Read more from our #MEDICALTESTS primer here.
These days you’re juggling more and more responsibility at work, or maybe even launching a new business, new marriage or a young family. Chances are, in the midst of all these forces in motion, your self-care has gotten sidelined. Maybe you’re not sleeping well, working out enough, or food shopping for that fiber-rich Huevos Ranchos bowl because, let’s face it, you’re stretched pretty thin.
But this is the decade when health issues you may have back-burnered can rear their heads. Not only that, but “a large proportion of illnesses we develop are not necessarily caused by stress, but they are impacted by it,” said Stephan C. Schimpff, MD, clinical professor at the University of Maryland School of Medicine and author of Fixing the Primary Care Crisis. If you think you’re good just seeing your OB/GYN once a year, you’re not. Too many women forget about their overall health and focus solely on their lady-parts—or the health of the rest of their family.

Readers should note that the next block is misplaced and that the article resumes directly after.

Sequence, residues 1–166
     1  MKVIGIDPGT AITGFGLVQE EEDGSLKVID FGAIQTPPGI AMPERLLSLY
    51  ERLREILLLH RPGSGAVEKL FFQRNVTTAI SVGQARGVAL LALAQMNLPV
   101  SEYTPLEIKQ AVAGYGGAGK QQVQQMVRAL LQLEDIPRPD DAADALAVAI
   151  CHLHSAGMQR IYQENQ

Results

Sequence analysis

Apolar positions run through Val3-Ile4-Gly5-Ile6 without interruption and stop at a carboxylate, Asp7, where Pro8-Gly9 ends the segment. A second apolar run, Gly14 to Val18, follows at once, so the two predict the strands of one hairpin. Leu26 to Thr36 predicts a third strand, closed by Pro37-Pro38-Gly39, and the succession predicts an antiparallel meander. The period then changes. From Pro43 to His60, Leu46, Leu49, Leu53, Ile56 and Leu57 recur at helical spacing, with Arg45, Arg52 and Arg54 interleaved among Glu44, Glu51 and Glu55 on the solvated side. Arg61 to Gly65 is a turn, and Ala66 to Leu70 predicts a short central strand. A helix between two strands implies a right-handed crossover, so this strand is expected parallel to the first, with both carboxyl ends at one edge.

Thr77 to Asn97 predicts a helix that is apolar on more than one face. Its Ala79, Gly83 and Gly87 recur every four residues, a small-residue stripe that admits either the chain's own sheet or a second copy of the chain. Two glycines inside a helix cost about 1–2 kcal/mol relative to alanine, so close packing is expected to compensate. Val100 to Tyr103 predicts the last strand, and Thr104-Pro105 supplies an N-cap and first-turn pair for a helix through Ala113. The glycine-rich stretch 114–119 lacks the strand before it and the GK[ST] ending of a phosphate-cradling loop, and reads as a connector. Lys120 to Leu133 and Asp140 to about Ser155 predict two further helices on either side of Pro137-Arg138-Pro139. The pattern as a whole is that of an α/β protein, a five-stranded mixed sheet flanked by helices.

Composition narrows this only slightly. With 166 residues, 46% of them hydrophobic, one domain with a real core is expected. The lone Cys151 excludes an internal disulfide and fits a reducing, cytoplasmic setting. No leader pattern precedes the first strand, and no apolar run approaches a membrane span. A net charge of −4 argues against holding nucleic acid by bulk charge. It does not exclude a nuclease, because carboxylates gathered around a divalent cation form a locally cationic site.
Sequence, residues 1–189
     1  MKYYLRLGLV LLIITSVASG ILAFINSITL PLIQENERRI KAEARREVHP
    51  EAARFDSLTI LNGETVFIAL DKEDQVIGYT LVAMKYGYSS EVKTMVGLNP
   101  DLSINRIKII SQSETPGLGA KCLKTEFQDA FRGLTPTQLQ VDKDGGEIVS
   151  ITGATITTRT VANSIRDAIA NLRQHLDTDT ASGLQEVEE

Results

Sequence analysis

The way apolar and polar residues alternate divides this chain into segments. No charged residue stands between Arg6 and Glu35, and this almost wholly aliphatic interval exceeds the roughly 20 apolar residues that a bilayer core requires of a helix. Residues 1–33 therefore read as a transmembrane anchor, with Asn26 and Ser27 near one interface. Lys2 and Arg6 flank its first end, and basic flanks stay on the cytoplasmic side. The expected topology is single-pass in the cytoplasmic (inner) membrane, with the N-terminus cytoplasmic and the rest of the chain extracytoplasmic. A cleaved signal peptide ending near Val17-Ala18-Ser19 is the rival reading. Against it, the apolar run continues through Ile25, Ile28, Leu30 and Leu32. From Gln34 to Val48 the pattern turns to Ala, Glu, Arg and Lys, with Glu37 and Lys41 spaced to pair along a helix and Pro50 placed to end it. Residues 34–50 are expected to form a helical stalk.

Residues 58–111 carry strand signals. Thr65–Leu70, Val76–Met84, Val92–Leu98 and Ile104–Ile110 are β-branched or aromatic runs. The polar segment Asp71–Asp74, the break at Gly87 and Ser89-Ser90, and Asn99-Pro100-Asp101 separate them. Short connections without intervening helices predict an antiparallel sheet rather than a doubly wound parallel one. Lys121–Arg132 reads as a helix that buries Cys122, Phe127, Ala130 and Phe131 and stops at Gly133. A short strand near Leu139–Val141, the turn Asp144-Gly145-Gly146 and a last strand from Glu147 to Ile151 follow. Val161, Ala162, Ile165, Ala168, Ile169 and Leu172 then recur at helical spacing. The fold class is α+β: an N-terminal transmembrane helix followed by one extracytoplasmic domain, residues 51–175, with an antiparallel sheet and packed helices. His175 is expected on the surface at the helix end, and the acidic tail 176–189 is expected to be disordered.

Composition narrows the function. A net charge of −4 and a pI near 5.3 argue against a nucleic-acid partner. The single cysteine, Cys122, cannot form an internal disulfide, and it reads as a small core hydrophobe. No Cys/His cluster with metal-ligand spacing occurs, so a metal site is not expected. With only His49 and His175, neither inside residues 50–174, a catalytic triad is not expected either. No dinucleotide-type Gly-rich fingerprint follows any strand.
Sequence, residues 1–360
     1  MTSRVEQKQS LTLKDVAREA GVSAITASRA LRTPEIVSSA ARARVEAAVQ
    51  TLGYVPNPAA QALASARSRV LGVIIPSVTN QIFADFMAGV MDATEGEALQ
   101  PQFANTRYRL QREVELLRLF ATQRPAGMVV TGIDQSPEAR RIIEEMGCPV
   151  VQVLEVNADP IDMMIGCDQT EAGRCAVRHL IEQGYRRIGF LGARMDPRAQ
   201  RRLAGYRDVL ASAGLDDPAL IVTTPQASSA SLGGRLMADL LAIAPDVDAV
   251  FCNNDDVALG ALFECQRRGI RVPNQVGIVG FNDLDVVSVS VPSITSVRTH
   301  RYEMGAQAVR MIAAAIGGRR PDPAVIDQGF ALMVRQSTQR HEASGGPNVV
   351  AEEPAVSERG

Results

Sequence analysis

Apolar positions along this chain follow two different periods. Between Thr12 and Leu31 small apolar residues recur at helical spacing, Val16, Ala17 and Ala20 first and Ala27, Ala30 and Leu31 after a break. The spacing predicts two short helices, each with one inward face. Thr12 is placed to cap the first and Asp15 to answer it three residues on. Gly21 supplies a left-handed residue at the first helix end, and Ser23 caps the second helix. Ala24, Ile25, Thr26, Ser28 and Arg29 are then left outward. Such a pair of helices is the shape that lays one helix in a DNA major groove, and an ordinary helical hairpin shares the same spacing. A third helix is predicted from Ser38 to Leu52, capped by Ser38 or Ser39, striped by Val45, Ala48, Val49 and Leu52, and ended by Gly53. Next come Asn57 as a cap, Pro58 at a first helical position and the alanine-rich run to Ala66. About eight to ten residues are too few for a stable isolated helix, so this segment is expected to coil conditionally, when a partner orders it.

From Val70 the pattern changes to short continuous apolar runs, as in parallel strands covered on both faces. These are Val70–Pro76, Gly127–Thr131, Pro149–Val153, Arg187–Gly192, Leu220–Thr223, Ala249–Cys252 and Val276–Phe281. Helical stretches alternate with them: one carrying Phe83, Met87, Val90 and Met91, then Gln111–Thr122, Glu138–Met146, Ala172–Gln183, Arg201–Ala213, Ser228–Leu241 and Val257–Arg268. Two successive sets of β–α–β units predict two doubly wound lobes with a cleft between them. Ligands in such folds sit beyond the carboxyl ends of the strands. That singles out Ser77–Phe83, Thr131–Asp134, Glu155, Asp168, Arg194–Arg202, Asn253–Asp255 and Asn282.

Though heart attacks and strokes are statistically not common during the 30s, they are, unfortunately, a growing problem for younger women. “Women between the ages of 35 and 45 are dying of heart attacks more than ever,” said Tracy Stevens, MD, a board certified cardiologist and a national spokesperson for the American Heart Association. “There’s a misconception that heart attacks are for old people,” Stevens told womenshealthmagazine.com. “Heart disease isn’t on young women’s radar. Many don’t know their blood pressure or cholesterol.” And they should. Here’s what else you should be signing up for.
Cholesterol Check/Routine Physical
Maybe you missed the memo about the benefits of a baseline physical during your 20s? No problem, just book one now. During this exam, expect your doctor to note your height, weight and possibly calculate your BMI (body mass index, which figures out if you’re a healthy weight for your height). He or she will examine your lymph nodes and abdomen for any unusual swelling, listen to your heart and lungs, and take your blood pressure.